Barely out of his popularity post his powerful film Mulk last year, on the subject of Hindu-Muslim unity, its flaws and disturbing truths, writer and director Anubhav Sinha has yet again been able to bring another masterpiece this year. This time he has come up with the hard hitting film on the ground realities of the Dalit community and the deep seated caste system still strongly prevalent in Indian villages -- Article 15, with a tag line Ab farq laayenge (we will now bring change).
The film wasn’t promoted rigorously the way Mulk was. From last Monday onwards, he has started showing the film to the press. This film, interestingly, is making more waves after its release. Not only is it hitting the conscience of people and making them aware of the realities that exist but are ignored, it has also sent Sinha’s cash registers ringing. This, despite the fact that Anubhav Sinha did not join Ayushmann Khurrana in promoting the film earlier.
Anubhav was clear, “When I go to promote a film of such nature, people start asking me political questions. I didn’t make a political film. And then it takes a different direction which is not good for the film.”
Notably, the audience who had to make a choice between Kabir Singh and Article 15 to spend their money on, seem to be guilty for not watching it. Consequently, after almost a fortnight of its release, the halls can now be seen full of young people trying to understand why the film is drawing critical appreciation.
Article 15 is inspired by a shocking but true incident in Uttar Pradesh in which two Dalit girls were gang raped and their bodies hung on a tree. It was a story penned by a young Gaurav Solanki, known for writing lyrics in a few Bollywood films by Anurag Kashyap and his best-seller book Gyarahvin ke Ladke, published by Rajkamal Prakashan.
But if you ask Anubhav, he says the film is not only about the repressive caste system or Dalits but “It is also about us”, Ke hum kis qadar beparwah ho gaye hain. How irresponsible and careless we have become! Everyday we pass by extremely painful and disturbing headlines and tend to ignore them.” This film, he says has been especially made for the youth, “These youngsters are blissfully ignorant thinking either such cases might have happened in earlier times, or happening far away from them. They are not realising that it is happening all around them - with their guards, maids etc. In some societies in urban areas, the society guard, for example, is not allowed to use the lift they use, utensils of maids are kept separate, and such similar incidents,” he says.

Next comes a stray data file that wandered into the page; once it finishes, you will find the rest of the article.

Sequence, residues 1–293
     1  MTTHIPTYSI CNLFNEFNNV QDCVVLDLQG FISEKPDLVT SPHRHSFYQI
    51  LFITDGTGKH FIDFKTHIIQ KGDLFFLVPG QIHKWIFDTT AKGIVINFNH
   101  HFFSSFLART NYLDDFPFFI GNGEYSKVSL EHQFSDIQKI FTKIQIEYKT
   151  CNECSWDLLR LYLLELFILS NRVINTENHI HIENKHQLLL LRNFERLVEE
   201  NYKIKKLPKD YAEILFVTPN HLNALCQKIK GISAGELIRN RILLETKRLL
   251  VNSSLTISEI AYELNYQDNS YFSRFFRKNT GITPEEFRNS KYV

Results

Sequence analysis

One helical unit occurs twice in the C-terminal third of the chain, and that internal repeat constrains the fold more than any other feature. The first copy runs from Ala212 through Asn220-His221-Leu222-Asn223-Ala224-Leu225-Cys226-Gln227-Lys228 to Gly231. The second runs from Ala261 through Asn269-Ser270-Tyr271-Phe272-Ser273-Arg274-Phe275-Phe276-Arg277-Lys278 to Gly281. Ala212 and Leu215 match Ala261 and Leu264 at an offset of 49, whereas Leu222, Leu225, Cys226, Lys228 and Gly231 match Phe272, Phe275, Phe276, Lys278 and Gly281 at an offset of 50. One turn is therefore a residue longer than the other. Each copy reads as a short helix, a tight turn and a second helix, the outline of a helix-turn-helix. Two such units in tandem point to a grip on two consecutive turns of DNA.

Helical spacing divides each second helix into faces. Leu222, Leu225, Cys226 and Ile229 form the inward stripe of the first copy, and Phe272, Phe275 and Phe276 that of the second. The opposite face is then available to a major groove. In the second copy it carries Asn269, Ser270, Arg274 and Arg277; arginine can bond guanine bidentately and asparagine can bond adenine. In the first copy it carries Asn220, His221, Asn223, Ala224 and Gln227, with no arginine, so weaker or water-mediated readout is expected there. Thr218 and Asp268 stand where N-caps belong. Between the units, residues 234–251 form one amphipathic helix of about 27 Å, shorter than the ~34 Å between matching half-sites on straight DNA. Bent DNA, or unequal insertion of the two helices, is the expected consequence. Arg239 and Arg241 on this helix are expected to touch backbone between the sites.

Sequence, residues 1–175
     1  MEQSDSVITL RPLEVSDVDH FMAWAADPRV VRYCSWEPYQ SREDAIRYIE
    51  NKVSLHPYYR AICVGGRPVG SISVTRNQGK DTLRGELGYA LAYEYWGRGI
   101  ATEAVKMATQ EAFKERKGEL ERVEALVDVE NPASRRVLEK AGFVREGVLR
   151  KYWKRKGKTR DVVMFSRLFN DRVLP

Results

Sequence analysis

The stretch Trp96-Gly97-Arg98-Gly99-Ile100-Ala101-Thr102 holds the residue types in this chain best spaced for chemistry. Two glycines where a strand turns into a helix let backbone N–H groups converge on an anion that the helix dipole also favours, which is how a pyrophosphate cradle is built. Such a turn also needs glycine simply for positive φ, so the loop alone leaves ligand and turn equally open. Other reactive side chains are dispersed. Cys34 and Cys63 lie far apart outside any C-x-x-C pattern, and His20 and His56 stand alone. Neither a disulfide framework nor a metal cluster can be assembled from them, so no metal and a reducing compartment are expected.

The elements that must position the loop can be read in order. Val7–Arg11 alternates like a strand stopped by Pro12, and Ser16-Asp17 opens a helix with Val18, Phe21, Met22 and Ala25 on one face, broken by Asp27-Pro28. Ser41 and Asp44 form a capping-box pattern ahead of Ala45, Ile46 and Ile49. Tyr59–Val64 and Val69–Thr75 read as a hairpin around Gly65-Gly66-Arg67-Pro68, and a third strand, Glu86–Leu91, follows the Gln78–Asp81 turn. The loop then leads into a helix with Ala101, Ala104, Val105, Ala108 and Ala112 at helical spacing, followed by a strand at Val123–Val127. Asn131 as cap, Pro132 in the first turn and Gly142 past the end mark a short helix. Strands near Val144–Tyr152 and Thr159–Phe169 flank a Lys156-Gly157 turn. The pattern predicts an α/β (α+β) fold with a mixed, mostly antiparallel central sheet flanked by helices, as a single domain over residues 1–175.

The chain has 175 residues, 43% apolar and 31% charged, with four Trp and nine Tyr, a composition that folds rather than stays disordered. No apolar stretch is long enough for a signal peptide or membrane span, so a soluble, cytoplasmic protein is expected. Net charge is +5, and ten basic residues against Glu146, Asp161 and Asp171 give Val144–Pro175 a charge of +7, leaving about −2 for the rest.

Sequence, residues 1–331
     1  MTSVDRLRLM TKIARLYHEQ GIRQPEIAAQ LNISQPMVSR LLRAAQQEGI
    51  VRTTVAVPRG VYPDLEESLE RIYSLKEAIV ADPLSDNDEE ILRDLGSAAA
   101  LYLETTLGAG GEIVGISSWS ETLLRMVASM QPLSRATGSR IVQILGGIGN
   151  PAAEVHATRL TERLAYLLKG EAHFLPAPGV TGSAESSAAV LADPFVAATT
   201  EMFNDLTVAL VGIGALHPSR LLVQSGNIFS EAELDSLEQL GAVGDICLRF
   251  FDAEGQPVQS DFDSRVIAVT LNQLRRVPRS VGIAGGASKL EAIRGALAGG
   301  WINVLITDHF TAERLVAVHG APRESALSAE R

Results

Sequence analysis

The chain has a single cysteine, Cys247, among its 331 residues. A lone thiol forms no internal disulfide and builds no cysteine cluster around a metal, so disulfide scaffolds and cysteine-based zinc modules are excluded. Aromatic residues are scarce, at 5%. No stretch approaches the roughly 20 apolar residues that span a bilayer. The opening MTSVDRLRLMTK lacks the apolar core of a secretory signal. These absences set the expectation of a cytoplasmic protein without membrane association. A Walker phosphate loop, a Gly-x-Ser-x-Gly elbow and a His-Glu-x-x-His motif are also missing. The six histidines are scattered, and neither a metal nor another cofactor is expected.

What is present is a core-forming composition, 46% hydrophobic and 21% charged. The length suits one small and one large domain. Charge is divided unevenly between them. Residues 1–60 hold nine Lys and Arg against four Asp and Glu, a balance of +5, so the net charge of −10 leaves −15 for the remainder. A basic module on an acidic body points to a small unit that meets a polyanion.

This is what triggered the need to make the film. It set him thinking.
“What’s the lesson we are giving to the new generation? What will we leave for them? Will we make them see issues that exist and they should do something about it or we would just leave them blissfully ignorant, like a dormant, unconcerned crowd of people watching all type of atrocities around them?” The apparently restless director adds.
For Sinha, there was not one such trigger but many that resulted in the film. “Unconsciously, I would revisit the images of that crying Syrian child on Turkish Roads in red T-shirt, girls hanging from the tree, Dalits being tied to car and beaten up, people making videos of them and no one is coming forward to save them. The poor (read untouchables) thrashed up for eating in the temples, a Dalit thrashed and killed for riding a horse on his wedding. These images kept on disturbing me deeply.”
“The film has been made for youngsters to make them understand that unlike in commercial films where a hero hits villains in slow motion, which gives them a catharsis thinking this hero will put everything in place, I wanted to make them realise that there is no hero that will come to correct things. Khud hi karna padega. (We ourselves will have to do it,” adds Anubhav.
So it is. It took him one year to finish the film, while writing it with Gaurav, they had finalised characters who would play what. They tried to shoot at actual locations as much as possible-- in Sikar Rajasthan, Rajakhera gaon in Agra and Meerut, Uttar Pradesh.
The film also shows how blatantly the police, the powerful village heads and local political goons and leaders are hands in glove. They not only perpetuate the caste system but also punish those who raise protests through local movements.
Now, it is not easy to digest a film of this nature without being disturbed for days. But this is what makes Anubhav hopeful for positive changes in our society.
“The film is dark, dry and depressing. There is no superhero in the film who hits the enemies in slow motion. There is not a moment of relief in it. Still the youngsters are spending money to watch it. They know what is right and what isn’t. The fact that youngsters are watching this film and writing, talking and discussing about it, gives me hope. Normally they pose in front of Salman Khan’s poster but this time many youngsters posed with Article 15. They sent me those pictures saying “Hum Badlaav layenge” (“We will bring change”). This is what my actual take-away from the film is; that people are lazy and scared but they finally stand up for the right”.
For now. Anubhav is basking in the success of the film and the audience’s response has brought some relief that we still have hope to redeem ourselves from such a repressive caste system that stifles the humane in us.